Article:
Having a loved one go unexpectedly missing is a heart-wrenching and horrible time for anyone. In its new verbatim production, Engineer Theatre gives the audience a glimpse behind the news articles and press interviews, giving first hand dialogue from those who have lost, searched for and loved a missing person.
Following a number of different cases through the words of family members, police officers and journalists, Missing is a truly gripping and hard-hitting piece of theatre. The young ensemble carries the harsh themes superbly, able to find some humour amongst the sad stories and emotional dialogue.
The dramatic techniques used on the whole are extremely effective, including a segment where only simple hat props are shown to emulate the faceless masses who each have their own views, witness accounts and opinions of a missing person.
The movement of time in the piece is well thought out but at times distracts slightly from the action. Using little boxes that light up and sound as the seasons pass feels slightly jarring to the storyline. Also, the physical theatre used by the company, although revealing great talent as an ensemble, doesn't always add anything to the performance that the words within the verbatim aren't doing anyway.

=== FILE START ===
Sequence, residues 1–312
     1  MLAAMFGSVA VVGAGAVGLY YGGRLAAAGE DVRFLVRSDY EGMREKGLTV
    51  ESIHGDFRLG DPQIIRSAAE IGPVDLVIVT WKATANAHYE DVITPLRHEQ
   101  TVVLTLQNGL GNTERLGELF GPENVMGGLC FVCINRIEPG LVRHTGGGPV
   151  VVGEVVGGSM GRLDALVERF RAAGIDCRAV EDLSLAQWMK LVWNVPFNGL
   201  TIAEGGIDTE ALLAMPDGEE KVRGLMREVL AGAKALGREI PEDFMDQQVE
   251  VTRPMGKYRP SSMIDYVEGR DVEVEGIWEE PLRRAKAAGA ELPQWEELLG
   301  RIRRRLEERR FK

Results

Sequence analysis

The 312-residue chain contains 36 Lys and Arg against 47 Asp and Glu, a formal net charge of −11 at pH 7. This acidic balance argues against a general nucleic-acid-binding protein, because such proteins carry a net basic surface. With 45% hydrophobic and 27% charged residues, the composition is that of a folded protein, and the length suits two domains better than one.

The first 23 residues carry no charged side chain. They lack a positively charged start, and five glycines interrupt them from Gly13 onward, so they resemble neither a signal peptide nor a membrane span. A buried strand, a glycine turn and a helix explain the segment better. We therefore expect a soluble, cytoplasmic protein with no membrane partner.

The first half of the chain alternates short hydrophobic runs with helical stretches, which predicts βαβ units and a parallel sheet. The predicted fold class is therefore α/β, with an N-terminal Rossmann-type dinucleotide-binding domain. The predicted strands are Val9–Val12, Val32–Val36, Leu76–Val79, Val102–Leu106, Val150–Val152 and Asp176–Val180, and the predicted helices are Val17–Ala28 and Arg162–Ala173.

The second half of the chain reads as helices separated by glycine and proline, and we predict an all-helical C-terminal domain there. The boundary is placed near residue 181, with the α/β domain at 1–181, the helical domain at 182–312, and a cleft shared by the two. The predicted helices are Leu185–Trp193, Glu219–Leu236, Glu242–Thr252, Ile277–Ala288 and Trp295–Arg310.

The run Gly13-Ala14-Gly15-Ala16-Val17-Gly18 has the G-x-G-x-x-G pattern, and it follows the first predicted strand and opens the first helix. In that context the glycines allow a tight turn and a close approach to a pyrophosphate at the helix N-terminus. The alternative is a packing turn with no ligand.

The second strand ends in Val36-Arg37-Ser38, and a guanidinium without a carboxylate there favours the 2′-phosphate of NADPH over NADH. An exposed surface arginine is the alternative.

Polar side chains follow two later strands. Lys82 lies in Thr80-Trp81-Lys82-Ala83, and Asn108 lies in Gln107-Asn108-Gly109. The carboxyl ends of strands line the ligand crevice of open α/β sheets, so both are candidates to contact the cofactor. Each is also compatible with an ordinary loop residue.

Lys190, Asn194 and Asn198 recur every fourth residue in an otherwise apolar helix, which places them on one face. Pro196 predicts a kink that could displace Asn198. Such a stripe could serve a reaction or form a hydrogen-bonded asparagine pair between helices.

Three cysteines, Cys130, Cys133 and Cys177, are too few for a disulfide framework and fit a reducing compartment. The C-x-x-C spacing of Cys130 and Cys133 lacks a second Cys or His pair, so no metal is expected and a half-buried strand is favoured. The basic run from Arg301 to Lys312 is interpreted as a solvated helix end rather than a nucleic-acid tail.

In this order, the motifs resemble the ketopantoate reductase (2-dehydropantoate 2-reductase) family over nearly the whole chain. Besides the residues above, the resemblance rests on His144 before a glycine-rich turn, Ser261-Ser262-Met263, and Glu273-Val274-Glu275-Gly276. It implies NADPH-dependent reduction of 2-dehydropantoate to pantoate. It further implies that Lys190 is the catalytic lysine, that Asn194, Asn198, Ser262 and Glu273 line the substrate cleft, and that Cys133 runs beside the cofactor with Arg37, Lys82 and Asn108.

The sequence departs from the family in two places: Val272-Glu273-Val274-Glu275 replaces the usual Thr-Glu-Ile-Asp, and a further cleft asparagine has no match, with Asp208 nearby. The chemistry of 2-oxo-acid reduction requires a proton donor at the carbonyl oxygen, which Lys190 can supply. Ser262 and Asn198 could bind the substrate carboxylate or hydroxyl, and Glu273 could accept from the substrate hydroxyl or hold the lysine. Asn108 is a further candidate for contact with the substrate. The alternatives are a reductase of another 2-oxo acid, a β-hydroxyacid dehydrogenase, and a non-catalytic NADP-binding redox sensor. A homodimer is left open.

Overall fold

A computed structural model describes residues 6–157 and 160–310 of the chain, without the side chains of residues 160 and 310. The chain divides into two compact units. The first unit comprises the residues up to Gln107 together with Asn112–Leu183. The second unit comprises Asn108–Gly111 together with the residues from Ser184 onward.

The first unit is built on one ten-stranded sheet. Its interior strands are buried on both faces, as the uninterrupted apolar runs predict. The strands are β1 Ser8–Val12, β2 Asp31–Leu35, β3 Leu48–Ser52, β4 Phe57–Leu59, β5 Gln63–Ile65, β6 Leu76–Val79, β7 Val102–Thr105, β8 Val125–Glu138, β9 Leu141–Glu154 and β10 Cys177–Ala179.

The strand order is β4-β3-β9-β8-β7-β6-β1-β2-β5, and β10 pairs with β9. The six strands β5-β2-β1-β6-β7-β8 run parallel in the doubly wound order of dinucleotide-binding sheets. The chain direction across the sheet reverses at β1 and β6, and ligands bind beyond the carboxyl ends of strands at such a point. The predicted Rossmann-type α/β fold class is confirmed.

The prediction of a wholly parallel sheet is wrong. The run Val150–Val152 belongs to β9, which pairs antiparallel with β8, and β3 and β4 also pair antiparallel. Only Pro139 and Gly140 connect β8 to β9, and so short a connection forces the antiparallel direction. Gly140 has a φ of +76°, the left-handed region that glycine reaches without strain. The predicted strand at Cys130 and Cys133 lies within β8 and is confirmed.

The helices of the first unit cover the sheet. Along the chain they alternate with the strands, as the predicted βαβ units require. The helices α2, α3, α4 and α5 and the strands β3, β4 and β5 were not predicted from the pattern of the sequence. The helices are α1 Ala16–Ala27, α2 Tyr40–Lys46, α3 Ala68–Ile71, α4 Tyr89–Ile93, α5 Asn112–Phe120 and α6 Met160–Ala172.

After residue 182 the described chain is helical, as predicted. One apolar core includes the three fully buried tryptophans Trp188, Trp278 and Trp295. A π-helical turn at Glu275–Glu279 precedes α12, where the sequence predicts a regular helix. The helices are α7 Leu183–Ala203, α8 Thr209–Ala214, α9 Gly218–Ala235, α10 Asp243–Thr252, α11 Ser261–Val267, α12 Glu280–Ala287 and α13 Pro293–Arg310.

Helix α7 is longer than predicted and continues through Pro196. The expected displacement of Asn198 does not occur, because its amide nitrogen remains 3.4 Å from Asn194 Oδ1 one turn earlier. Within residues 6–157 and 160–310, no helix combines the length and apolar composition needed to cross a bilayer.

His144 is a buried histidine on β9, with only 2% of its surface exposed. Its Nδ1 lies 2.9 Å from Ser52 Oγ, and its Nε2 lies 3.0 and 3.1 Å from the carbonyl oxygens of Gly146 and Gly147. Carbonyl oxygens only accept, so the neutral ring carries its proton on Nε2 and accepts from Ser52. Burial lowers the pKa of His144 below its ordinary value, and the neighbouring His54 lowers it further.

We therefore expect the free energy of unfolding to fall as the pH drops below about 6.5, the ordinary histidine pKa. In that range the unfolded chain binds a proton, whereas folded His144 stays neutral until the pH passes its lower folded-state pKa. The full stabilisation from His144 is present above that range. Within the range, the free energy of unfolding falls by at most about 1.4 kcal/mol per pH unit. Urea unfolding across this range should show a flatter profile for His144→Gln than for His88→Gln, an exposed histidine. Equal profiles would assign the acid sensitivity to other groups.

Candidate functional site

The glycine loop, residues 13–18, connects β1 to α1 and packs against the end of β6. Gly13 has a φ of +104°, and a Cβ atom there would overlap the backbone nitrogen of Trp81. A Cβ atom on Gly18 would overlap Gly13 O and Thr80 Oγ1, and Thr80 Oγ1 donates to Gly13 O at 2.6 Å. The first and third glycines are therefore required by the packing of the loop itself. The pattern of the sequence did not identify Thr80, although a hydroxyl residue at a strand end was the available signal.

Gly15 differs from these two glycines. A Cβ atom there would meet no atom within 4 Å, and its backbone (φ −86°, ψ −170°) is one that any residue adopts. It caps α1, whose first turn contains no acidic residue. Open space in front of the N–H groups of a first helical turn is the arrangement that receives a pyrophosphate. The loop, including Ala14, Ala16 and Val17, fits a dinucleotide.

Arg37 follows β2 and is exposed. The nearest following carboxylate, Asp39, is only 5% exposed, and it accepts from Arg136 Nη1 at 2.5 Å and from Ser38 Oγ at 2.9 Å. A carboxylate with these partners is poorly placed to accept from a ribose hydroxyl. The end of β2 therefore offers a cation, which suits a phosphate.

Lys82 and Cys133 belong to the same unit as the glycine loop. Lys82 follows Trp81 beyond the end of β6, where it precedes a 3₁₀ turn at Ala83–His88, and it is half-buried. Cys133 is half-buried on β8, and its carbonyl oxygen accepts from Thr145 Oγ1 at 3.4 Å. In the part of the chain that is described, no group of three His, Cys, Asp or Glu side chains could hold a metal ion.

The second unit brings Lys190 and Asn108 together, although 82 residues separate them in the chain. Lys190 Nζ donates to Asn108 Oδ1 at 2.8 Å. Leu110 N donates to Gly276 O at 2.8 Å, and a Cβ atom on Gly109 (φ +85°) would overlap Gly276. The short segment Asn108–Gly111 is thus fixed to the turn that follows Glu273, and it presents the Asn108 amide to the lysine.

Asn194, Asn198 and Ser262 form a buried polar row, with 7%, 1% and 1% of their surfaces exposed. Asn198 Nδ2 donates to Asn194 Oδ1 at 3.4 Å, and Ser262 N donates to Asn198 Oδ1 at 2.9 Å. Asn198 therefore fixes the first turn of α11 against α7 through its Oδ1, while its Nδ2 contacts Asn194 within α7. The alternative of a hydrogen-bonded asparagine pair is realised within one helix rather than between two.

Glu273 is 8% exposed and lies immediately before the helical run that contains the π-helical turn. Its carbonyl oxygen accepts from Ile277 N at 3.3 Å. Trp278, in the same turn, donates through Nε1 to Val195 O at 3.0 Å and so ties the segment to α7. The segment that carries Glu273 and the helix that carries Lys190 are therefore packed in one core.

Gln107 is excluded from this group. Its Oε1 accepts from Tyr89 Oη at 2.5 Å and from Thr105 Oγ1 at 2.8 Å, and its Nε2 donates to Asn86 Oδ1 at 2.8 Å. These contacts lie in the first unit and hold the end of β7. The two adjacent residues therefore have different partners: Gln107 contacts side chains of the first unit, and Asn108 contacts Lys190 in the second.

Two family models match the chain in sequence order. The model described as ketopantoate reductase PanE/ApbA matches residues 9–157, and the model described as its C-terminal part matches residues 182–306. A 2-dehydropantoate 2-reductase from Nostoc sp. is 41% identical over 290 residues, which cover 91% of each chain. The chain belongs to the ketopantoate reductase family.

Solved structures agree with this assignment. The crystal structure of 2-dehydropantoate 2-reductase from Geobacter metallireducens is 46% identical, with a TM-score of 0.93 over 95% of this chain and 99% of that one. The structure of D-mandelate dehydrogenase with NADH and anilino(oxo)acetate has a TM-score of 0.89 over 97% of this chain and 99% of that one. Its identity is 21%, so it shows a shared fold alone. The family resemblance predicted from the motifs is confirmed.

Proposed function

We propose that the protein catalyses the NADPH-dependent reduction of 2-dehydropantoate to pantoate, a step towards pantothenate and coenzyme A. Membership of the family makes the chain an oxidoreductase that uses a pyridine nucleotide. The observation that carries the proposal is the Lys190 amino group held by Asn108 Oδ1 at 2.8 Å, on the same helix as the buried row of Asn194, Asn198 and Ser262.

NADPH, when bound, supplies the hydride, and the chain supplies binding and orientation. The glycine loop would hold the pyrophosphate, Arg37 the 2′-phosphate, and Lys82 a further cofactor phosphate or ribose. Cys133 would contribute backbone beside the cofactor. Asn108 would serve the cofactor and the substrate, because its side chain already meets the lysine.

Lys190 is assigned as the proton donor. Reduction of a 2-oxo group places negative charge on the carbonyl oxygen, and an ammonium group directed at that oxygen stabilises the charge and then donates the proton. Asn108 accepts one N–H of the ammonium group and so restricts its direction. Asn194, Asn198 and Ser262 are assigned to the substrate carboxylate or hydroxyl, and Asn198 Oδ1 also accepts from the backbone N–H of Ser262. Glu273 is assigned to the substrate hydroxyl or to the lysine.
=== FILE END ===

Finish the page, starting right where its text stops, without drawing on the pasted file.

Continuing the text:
However, that said, the acting is extremely strong and the through-line of the piece is superbly thought through. Using the 1957 historic case of Moira Anderson who went missing aged 11 from her small village mixed with more modern cases such as that of Nicola Payne, it really reveals a sense of change as to how these investigations are carried out nowadays.
Using a voice over to cover Moira's story and a monologue by the detective in charge of the Payne case also makes the performance even more interesting to watch. You never lose interest at any point with the audience staying in a stunned silence for the full hour.
Missing is a captivating yet harrowing look at a side of reality few ever experience but by the end a real sense of emotion is carried out the door by each audience member.
Missing runs until 25 August at the Underbelly, Cowgate.
Reviewer: Liam Blain